The Tories £2 billion council tax bombshell will hammer seats represented by new Conservative MPs in former Labour seats in the North and Midlands hardest.
The brutal local tax rises announced by Chancellor Rishi Sunak in the Comprehensive Spending Review will see town halls across the country forced to pass costs on to households to pay for the financial crisis caused by Covid-19
Band D Council Taxpayers will face an average rise of £91 next year under plans by the Chancellor to encourage councils to raise the tax for areas that deliver social care by 5%, from £1,818 to £1,908.
The 30 areas with the highest council tax rises overlap with eleven key Parliamentary seats held by Labour until 2019 and two seats held until the 2017 General Election.
The news comes after the Local Government Finance Settlement, in which the Communities Secretary Robert Jenrick revealed that he expects councils to increase council tax by 5 per cent next year while cutting services as costs increase due to soaring levels of unemployment and demand for social care.
Many of the hardest-hit councils cover Parliamentary seats such as Blackpool North and South, Redcar, Bishop Auckland and Wolverhampton South West and Wolverhampton North East, represented by Conservative MPs after the 2019 General Election.
Steve Reed MP, Labour’s Shadow Communities and Local Government Secretary said: “Rishi Sunak’s Christmas present to hard-working families is to clobber them with a council tax hike to pay for his mismanagement of the economy which means we have the worst recession of major economies.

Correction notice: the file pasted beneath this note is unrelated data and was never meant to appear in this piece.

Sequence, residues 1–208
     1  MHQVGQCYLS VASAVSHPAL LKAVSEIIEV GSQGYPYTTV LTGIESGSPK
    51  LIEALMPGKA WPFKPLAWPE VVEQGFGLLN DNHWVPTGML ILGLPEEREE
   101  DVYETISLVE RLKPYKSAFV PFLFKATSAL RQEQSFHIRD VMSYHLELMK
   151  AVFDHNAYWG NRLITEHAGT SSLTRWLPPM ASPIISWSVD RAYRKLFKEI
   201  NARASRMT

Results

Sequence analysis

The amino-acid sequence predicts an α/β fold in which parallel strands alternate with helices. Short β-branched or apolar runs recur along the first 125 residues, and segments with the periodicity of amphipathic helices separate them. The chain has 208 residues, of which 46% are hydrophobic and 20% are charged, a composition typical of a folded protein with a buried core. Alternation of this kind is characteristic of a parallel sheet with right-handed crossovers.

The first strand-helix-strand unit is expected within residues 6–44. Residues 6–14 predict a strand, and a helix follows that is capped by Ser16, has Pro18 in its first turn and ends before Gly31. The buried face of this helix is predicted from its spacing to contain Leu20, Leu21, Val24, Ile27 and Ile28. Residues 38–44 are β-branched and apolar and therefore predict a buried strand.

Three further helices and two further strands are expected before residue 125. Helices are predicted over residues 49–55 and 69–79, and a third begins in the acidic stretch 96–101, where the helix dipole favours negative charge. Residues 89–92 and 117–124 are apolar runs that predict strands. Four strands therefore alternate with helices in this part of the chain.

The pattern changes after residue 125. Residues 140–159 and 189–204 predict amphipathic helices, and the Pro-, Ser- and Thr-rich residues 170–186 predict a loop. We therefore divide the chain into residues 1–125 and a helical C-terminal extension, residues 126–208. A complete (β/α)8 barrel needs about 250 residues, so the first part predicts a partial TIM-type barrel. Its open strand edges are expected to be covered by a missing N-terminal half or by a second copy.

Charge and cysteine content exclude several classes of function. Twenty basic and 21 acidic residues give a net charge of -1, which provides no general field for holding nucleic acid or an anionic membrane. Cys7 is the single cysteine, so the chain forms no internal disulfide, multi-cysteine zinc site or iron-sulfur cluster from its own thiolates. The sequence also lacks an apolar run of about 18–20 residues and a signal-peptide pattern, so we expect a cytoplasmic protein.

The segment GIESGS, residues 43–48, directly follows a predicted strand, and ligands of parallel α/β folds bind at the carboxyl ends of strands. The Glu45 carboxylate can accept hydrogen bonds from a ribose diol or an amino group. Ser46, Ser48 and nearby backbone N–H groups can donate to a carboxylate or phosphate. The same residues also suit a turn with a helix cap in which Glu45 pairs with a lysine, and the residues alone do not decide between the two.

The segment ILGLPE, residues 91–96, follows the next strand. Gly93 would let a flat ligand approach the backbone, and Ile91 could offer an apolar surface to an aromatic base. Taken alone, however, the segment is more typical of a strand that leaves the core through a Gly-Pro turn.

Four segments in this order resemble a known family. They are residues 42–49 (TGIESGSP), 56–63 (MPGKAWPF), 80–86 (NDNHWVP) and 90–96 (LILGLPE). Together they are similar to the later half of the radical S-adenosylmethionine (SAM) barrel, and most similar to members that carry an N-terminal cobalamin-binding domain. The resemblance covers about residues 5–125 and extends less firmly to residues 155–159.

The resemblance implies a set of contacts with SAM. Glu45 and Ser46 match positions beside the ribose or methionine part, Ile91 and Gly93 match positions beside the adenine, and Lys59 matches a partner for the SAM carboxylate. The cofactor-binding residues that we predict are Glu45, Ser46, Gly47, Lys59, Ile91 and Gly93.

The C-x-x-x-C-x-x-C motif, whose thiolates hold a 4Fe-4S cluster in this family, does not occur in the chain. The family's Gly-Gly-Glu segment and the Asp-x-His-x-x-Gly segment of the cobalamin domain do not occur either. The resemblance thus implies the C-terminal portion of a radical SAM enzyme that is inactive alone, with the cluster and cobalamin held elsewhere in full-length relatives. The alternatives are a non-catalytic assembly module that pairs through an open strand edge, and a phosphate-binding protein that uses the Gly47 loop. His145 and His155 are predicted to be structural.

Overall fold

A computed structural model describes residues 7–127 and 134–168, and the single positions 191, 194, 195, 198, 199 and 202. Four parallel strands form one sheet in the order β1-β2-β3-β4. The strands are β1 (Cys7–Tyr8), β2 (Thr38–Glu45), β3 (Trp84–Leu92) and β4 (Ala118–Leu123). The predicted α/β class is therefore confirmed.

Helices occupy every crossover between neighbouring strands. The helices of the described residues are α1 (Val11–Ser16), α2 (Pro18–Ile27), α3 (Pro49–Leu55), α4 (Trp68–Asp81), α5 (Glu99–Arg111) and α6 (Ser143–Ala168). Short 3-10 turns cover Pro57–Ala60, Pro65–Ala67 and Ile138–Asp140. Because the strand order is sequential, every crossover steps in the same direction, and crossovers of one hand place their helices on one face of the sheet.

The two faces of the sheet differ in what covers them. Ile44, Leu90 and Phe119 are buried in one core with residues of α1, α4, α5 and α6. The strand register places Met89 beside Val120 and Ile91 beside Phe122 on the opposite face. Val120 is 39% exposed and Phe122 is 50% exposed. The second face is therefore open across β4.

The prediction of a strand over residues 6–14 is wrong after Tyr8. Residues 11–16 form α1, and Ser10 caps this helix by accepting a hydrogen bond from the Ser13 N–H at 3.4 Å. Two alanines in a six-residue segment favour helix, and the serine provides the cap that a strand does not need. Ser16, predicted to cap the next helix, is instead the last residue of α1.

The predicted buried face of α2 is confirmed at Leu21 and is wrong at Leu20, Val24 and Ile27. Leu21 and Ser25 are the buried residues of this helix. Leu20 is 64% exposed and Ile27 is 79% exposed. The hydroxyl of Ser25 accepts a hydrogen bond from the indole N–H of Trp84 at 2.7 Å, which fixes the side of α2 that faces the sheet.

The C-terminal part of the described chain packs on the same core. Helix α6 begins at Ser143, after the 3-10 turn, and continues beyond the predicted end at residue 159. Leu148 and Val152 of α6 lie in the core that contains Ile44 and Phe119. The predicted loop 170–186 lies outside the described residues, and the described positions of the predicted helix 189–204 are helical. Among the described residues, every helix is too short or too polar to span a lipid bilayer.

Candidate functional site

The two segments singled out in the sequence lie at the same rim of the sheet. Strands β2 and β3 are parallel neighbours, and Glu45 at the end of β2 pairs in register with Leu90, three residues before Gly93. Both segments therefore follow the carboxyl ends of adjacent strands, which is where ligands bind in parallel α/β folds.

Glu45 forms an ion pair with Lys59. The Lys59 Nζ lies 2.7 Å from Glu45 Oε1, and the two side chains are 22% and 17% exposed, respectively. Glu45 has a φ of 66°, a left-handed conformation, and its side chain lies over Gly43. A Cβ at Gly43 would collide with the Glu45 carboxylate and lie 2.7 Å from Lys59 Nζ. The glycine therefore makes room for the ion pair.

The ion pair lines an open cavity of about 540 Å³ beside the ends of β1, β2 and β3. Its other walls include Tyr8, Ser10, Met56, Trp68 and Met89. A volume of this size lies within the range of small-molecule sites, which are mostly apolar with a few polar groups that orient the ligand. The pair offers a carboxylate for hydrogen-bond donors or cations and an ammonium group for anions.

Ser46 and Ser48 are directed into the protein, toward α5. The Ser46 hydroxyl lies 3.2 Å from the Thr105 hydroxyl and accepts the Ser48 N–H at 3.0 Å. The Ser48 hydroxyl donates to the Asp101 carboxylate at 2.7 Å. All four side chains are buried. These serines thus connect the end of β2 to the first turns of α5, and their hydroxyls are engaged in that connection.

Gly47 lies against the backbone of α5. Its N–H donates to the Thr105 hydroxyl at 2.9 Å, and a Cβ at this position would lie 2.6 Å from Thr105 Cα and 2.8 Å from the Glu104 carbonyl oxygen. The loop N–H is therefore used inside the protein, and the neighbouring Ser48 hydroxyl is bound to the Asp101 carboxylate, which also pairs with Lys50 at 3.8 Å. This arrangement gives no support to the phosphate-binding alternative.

“People are losing their jobs, incomes are under pressure like never before, this is no time for the Conservatives to raid family budgets with a tax hike that will push many into debt.
“The message is clear: you pay more but get less under the Conservatives.”
A Government spokesperson said: “Councils set their own council taxes and we have given them the flexibility to minimise any increases.”
“We are ensuring that councils have the resources needed to deliver effective services including a £2.2 billion increase in core funding and an extra £1.55 billion to continue to support their communities during the pandemic.
“We’re also providing £670 million funding to help councils continue to support those least able to pay council tax.”